falls asleep on white sheets, wakes up on japanese flag
Liberalism has the following weaknesses:1. It focuses on the individual rights rather than collective rights2. It is ahistorical. It does not have a comprehensive understanding of women’s role in history nor has it any analysis for the subordination (subjugation) of women.3. It tends to be mechanical in its support for formal equality without a concrete understanding of the condition of different sections/classes of women and their specific problems. Hence it was able to express the demands of the middle classes (white women from middle classes in the US and upper class, upper caste women in India) but not those of women from various oppressed ethnic groups, castes and the working, labouring classes.4. It is restricted to changes in the law, educational and employment opportunities, welfare measures etc and does not question the economic and political structures of the society which give rise to patriarchal discrimination. Hence it is reformist in its orientation, both in theory and in practice.5. It believes that the state is neutral and can be made to intervene in favour of women when in fact the bourgeois state in the capitalist countries and the semi-colonial and semi-feudal Indian state are patriarchal and will not support women’s struggle for emancipation. The State is defending the interests of the ruling classes who benefit from the subordination and devalued status of women.6. Since it focuses on changes in the law, and state schemes for women, it has emphasised lobbying and petitioning as means to get their demands. The liberal trend most often has restricted its activity to meetings and conventions and mobilising petitions calling for changes. It has rarely mobilised the strength of the mass of women and is in fact afraid of the militant mobilisation of poor women in large numbers.“Philosophical Trends in the Feminist Movement" by Anuradha Ghandy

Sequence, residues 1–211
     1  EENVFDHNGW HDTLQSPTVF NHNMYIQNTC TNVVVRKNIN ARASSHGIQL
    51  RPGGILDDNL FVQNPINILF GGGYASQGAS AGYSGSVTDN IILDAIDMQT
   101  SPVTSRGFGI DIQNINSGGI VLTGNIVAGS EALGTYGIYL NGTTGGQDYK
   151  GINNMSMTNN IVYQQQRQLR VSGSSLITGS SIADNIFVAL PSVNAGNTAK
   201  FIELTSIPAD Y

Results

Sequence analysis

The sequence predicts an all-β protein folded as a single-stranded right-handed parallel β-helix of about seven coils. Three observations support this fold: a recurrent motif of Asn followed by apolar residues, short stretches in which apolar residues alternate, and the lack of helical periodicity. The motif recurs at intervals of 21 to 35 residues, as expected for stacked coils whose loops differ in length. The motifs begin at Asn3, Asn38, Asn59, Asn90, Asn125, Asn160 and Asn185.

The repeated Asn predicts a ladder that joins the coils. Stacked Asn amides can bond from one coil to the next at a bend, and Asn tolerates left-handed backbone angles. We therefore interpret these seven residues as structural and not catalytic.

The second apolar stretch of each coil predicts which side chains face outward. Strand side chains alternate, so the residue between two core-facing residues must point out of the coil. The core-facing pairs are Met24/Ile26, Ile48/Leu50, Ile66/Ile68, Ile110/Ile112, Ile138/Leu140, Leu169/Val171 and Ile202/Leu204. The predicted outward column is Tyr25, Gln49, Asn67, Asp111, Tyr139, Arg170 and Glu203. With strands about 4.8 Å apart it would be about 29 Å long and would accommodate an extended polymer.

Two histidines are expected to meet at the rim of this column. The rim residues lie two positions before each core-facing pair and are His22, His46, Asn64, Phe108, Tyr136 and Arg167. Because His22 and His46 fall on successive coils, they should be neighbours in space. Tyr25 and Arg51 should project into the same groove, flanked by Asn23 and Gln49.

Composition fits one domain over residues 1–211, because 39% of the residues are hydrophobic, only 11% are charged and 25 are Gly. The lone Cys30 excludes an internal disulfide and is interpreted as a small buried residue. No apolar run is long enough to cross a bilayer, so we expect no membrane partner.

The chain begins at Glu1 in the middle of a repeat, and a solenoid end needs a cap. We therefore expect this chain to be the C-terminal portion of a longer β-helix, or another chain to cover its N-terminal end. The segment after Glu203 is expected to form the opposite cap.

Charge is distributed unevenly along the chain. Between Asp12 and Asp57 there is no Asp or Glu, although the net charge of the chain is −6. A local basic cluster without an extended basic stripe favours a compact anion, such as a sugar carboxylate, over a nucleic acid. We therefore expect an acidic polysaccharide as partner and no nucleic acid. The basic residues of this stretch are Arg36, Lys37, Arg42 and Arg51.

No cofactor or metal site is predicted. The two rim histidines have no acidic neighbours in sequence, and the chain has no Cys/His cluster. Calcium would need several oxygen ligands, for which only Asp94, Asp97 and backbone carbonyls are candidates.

As a university tutor in my hometown, a city which is roughly 40% black and 37% white, I still had students asking me, “Do they just never learn how to talk right?” I pull up a chair when this happens, “Listen up, gang.” So what do I tell them? Well, the goal is to convey that, scientifically speaking, non-standard varieties of English such as the English spoken by Rachel Jeantel and the ‘proper English’ they’ve been taught are equally communicative. I go over the differences and point out that both have a rule system that must be followed to speak convincingly.
But then, I don’t see why there should need to be that justification. So I end up trying to teach respect. If they have a student that speaks a non-standard variety of English, they need to understand that that student is therefore competent in understanding at least two versions of English: the version they speak at home and other safe environments, and the one forced upon them when listening to you.
The alarmingly pervasive idea that standard English equates to ‘good grammar’ and non-standard English equates to ‘bad grammar’ is false and exclusionary. When it’s used in conjunction with intelligence and credibility of a young black woman, it’s reminiscent of the faulty scientific racism of “The Bell Curve.” But language shaming is currently acceptable behavior in the status quo. It is one of the last bastions of unabashed racism and classism.